Posted On 06 Aug 2014
Tag: *NSYNC, AC/DC, Brian Wright, Britney Spears, Christina Aquilera, Classix Rewind, Emerson Hart, Honor By August, INXS, Justin Timberlake, KISS, Laurel Canyon, Led Zeppelin, Living Colour, Marc Anthony, Mickey Mouse Club, Motown, Patreon.com Campaign, Sara Bareilles, Spelling, Steve Bentz, The Broken Bells, The Jamestown Revival, The Voice, The Wild Feathers, Tom Petty, Tony Lucca, Van Halen
While Anthony James “Tony” Lucca may be known for starting his career on the Mickey Mouse Club, his singing/songwriting abilities are now front and center. After the show, Lucca went to LA for a brief career as an actor, then became a full-time musician, releasing over seven studio albums and five EPs.
He is a consistent touring artist and has toured with a multitude of acts, including *NSYNC, Marc Anthony, Sara Bareilles and more.
In my interview with Tony, he discusses life after the Mickey Mouse Club, who inspires him musically and his upcoming tour with Emerson Hart.
Unlike your fellow Mouseketeers, BRITNEY SPEARS, CHRISTINA AGUILERA, and JUSTIN TIMBERLAKE, you have stayed away from Pop and took the acoustic route. Can you explain that choice?
I think a lot of it was just the difference in our ages. After the mouse club and working with Spelling, I kinda felt like maybe I had had a significant enough taste of the mainstream spotlight. By the time I decided to make music full time, I was ready for a more adult approach, something inspired from within. Ultimately, I just wanted to sing the songs that I wrote and in truth, I’ve never considered myself a very good pop writer. Go figure.
What kinds of music did you grow up with?
I was raised on a fine blend of Laurel Canyon folk, Motown and classic rock. Somehow I managed to find Kiss and Zeppelin on my own. From there it was my cousin, Cole Garlak and me comparing notes, showing each other everything from AC/DC to Van Halen, Living Colour to INXS. The 80s really covered a lot of ground.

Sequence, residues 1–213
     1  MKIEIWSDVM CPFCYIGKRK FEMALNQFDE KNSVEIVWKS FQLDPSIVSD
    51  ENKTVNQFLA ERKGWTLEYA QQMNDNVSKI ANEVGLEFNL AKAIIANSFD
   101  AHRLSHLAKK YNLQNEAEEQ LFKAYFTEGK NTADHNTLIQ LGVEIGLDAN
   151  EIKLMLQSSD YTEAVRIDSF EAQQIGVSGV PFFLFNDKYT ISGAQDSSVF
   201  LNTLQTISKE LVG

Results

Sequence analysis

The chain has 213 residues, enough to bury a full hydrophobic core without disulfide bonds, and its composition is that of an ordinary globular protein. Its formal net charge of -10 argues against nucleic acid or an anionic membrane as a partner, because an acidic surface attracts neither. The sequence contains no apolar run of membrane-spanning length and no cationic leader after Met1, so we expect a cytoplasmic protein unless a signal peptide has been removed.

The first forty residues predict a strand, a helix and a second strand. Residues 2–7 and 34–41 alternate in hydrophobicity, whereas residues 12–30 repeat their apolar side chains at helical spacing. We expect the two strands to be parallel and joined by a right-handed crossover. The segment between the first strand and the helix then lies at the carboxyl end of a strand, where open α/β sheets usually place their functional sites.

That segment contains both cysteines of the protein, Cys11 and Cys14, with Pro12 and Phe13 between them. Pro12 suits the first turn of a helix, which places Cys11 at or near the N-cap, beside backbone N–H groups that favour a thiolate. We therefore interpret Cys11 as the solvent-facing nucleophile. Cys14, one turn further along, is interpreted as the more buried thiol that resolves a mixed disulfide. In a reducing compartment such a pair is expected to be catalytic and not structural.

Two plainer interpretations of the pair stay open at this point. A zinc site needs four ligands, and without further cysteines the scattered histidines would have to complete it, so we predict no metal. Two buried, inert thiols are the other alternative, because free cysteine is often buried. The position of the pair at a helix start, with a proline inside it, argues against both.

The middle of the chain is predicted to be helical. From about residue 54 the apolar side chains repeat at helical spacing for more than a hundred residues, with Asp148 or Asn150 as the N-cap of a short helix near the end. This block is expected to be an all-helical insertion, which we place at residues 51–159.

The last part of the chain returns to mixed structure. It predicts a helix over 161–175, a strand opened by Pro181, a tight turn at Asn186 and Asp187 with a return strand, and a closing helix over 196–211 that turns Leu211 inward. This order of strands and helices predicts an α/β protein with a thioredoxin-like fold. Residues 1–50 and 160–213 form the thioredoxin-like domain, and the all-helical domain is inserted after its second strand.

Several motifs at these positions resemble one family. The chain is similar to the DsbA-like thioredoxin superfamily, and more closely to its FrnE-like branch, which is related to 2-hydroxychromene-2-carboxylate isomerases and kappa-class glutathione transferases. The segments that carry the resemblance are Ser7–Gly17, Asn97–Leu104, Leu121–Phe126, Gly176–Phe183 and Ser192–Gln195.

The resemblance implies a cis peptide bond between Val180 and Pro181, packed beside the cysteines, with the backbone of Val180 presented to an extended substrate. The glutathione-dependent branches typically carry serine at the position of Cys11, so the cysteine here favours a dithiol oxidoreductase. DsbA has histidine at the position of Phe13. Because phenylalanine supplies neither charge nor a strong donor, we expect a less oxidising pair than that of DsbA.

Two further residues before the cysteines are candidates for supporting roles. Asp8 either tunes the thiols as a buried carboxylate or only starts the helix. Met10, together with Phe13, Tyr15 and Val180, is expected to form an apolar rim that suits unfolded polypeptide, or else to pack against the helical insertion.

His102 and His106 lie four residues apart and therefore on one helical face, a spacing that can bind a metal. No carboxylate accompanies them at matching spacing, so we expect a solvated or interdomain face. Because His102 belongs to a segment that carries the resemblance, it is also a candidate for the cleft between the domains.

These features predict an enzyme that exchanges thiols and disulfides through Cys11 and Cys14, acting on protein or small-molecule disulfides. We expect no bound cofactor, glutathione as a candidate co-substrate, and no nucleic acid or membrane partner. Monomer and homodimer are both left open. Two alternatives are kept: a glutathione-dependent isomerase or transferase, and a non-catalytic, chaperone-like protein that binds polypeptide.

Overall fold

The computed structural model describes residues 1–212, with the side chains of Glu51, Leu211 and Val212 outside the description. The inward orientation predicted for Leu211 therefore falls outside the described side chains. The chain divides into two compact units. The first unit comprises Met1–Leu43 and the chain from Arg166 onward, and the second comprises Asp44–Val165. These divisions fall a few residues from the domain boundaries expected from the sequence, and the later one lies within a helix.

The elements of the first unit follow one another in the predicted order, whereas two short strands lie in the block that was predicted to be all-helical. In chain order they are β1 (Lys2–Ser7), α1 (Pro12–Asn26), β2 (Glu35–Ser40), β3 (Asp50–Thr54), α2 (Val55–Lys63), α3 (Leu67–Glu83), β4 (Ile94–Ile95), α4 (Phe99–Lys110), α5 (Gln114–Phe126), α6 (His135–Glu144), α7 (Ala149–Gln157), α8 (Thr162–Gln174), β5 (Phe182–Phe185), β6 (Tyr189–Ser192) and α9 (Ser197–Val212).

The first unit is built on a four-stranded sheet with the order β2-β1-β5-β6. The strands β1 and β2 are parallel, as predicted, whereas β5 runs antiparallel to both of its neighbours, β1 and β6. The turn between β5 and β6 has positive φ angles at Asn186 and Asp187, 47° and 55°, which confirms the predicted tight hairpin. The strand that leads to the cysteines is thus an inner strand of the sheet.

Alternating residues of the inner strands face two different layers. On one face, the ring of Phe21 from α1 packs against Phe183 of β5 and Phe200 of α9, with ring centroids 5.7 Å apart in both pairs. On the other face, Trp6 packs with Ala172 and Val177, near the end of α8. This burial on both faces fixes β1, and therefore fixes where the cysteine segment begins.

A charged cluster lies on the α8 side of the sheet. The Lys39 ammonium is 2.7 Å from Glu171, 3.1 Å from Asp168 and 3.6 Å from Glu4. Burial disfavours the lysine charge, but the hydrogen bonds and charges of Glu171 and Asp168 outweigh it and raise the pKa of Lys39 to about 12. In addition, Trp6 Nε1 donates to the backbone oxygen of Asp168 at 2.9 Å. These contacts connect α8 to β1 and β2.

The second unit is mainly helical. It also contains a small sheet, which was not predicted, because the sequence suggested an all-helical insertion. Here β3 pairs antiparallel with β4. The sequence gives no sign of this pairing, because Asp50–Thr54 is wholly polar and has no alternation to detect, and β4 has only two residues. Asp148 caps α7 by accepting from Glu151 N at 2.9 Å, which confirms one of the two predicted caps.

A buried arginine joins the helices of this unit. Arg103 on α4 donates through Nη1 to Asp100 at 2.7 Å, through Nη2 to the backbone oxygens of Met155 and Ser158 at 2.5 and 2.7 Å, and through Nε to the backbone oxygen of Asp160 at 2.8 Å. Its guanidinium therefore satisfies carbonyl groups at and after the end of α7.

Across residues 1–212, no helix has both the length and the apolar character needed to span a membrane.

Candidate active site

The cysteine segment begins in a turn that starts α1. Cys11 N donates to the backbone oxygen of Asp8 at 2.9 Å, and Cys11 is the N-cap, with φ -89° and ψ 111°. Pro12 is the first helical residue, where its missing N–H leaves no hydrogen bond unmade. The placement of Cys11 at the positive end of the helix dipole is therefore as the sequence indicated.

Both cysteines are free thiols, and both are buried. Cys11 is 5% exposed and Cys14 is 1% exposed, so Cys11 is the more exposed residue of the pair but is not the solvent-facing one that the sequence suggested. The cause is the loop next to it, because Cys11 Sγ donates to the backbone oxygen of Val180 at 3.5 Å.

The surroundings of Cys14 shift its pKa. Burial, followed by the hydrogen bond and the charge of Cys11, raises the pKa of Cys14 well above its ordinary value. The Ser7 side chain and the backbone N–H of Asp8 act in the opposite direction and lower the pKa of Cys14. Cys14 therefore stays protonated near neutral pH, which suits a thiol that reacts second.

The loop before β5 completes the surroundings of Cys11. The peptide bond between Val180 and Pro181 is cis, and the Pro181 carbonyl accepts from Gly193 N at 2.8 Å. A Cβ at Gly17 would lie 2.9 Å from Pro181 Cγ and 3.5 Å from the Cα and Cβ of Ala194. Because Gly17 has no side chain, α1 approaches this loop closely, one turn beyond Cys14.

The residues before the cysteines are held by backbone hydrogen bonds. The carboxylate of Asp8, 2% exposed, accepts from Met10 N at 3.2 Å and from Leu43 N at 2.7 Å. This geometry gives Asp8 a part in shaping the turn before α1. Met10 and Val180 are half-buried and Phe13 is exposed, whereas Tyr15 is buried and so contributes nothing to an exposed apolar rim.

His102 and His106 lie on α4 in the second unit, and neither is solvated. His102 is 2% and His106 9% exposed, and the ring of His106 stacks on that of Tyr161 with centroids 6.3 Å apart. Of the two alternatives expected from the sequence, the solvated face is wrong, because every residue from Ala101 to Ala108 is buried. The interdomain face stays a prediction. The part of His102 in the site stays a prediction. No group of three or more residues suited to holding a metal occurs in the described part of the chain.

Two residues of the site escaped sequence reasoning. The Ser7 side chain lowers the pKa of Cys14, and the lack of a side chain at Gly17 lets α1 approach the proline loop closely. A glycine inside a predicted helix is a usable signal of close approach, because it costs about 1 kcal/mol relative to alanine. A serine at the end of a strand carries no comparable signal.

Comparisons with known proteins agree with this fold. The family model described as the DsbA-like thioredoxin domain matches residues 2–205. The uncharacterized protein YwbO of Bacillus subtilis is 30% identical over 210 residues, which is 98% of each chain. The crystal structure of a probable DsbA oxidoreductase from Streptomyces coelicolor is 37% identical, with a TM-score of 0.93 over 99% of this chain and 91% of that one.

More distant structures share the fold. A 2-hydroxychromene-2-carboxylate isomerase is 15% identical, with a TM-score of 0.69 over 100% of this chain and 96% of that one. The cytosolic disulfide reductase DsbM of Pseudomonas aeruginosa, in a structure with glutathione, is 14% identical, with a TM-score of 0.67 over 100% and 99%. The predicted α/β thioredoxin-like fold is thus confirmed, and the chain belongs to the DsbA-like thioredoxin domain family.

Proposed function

How was being on The Voice for you? Would you do it again if you could? Did you and Christina Aguilera get to spend any time together and catch up?
The voice was a ton of fun! It certainly had the desired effect in that getting back to work was really exciting, seeing all the new listeners out there, getting reacquainted with fans that had maybe fallen off over the years but were excited to learn that I was still at it. Selling more tickets is selling more tickets. I’m very grateful for what that show has meant to my career. Oddly enough, there was zero hang time with Christina. That’s probably just as well.
How have you grown as a performer and musician in general since you started?
I’ve learned to say more by saying less. The power of brevity, implying things as opposed to over explaining. I’ve learned gratitude in a way that only 20+ years can provide. My job brings me great joy and not everybody can honestly say that. That’s not lost on me.
What music are you listening to now? Any new artists out there that you are loving currently? Anything on the radio that you can’t stop singing?
I am digging The Broken Bells, The Wild Feathers and I am real proud of my friends in The Jamestown Revival. I’ve been listening to as much Tom Petty Radio on Sirius XM Classic Rewind as I can get in. Petty’s the bar for me. always asking myself, “What would Petty say? Tweedy? Ray?” they all tell the truth so well.
Where do you get the inspiration for your music?
Traveling always tends to recharge my batteries. Taking things in as you travel allows you to find common threads in human behavior. Painting a picture of someone smoking outside a diner tells a pretty specific story that a person from anywhere can sort of identify with. By and large, people are pretty consistent. It’s the specifics that make things interesting and making the rounds as frequently as I do, it’s fun taking note of all the specifics.